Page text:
Smart Refugees: How Syrian Asylum Migrants Use Social Media Information in Migration Decision-Making
Social Media + Society , Volume 4 - Issue 1
Social media are increasingly popular channels of information on which migrants base their decisions on whether to migrate and the destinations where to settle. While social media offer a relatively cheap, easily accessible, and media-rich means of communication, their use is not without challenges for asylum migrants. Various studies describe issues with access and evaluation of the truthfulness of available information for this specific group of migrants. This article discusses social media use by asylum migrants prior to and during migration. This study is based on in-depth interviews with 54 Syrian asylum migrants who recently obtained refugee status in the Netherlands. Syrians were the largest group of migrants applying for asylum in European Union (EU) member states in 2015 and 2016. The findings show that the majority of Syrian asylum migrants have access to social media information before and during migration, often through the use of smartphones. Besides uneven access to technologies, fear of government surveillance restricts the smartphone use of asylum migrants. The results of this study indicate that Syrian asylum migrants prefer social media information that originates from existing social ties and information that is based on personal experiences. Generally, this information is considered more trustworthy. Asylum migrants use various strategies to validate rumors that are present on social media and come from unknown sources. These strategies include checking the source of information, validating information with trusted social ties, triangulation of online sources, and comparing information with their own experience.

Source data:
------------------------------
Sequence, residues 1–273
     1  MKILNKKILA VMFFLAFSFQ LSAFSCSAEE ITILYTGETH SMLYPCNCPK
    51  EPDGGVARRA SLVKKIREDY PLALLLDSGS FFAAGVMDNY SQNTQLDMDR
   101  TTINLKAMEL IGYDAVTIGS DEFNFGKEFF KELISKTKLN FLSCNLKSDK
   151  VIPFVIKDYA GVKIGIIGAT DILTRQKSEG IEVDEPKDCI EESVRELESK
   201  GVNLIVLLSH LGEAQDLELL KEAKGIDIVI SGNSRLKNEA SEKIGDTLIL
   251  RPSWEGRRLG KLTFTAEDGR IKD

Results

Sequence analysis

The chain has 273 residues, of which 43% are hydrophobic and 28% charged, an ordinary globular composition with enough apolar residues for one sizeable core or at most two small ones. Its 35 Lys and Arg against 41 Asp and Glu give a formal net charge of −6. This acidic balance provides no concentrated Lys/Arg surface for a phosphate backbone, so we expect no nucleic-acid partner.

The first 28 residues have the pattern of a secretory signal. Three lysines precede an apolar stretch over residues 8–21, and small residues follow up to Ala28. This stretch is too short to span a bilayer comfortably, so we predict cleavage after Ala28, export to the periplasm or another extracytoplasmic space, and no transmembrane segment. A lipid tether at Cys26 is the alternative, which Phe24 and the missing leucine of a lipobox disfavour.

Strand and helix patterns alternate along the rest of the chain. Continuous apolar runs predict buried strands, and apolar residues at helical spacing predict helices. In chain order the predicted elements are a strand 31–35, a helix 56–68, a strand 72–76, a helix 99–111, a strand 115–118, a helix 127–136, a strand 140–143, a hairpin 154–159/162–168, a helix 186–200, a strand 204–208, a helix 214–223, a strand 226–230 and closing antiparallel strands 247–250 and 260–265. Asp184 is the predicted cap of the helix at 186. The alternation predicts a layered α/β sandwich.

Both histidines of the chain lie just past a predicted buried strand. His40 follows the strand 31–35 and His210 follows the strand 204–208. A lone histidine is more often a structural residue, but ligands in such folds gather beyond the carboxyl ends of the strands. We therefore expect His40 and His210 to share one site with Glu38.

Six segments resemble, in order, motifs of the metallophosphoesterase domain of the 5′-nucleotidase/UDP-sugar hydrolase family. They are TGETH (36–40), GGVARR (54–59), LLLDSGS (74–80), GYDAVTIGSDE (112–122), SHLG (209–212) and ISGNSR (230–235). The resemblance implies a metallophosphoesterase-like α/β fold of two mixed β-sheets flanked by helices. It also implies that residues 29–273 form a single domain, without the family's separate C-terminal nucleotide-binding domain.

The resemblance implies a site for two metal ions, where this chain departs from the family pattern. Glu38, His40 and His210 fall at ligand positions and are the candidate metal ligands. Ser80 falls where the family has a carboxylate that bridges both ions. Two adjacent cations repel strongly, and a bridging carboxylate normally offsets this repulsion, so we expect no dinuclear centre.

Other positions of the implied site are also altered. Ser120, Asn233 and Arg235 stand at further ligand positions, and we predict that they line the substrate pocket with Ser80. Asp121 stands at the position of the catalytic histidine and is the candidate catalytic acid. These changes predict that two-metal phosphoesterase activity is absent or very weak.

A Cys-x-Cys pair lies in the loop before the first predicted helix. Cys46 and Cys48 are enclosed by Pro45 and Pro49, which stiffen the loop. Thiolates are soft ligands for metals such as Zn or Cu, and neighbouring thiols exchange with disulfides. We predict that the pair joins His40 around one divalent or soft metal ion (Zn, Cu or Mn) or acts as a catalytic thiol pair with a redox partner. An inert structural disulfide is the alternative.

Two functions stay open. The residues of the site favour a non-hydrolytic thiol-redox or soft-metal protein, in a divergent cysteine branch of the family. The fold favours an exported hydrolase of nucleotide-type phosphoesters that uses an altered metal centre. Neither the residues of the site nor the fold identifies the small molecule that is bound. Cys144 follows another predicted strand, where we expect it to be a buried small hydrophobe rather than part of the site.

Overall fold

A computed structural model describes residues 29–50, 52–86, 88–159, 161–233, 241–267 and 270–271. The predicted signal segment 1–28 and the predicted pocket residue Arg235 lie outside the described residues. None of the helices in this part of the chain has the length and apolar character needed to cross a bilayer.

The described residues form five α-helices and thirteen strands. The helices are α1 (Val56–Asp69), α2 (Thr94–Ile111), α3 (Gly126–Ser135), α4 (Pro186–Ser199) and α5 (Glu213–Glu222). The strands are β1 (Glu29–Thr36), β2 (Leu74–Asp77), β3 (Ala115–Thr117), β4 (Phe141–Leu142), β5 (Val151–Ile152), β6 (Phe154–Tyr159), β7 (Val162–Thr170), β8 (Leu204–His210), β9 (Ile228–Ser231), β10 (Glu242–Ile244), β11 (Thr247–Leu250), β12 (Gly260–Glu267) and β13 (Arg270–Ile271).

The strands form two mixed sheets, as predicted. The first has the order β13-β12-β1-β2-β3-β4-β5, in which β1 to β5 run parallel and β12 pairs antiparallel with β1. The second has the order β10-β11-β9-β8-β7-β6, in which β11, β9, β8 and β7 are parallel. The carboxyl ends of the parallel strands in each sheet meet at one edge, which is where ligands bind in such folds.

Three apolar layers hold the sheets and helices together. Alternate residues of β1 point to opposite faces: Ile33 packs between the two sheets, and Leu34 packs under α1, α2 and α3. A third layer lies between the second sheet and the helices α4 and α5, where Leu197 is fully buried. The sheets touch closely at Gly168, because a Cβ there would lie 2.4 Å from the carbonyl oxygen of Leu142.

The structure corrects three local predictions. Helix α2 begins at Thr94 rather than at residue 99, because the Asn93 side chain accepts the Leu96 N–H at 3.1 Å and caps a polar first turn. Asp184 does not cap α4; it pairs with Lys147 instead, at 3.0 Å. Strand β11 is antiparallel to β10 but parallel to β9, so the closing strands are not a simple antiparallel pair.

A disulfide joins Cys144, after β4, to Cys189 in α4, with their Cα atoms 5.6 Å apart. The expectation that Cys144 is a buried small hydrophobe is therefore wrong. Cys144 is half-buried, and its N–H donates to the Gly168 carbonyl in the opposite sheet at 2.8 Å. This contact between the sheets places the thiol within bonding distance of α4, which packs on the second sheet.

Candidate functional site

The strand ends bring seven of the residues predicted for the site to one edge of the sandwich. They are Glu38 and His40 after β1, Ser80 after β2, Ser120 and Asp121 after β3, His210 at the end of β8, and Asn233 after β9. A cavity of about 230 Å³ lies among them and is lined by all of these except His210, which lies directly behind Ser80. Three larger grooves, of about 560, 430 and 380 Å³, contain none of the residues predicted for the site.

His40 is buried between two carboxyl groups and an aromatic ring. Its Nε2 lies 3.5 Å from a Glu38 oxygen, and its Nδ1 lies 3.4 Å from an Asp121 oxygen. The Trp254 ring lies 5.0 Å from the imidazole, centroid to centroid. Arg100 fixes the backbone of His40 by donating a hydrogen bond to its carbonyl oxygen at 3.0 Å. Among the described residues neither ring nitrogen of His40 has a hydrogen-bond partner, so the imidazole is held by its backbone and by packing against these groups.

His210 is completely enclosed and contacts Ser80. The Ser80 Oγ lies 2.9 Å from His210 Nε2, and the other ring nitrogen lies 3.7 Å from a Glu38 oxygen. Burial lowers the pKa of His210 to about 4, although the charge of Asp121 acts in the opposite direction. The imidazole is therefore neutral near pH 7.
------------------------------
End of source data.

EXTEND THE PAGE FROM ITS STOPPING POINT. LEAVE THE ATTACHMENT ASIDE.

|Social Media + Society|
|Organisation||Department of Public Administration|
Dekker, R, Engbersen, G.B.M, Klaver, J, & Vonk, H. (2018). Smart Refugees: How Syrian Asylum Migrants Use Social Media Information in Migration Decision-Making. Social Media + Society, 4(1). doi:10.1177/2056305118764439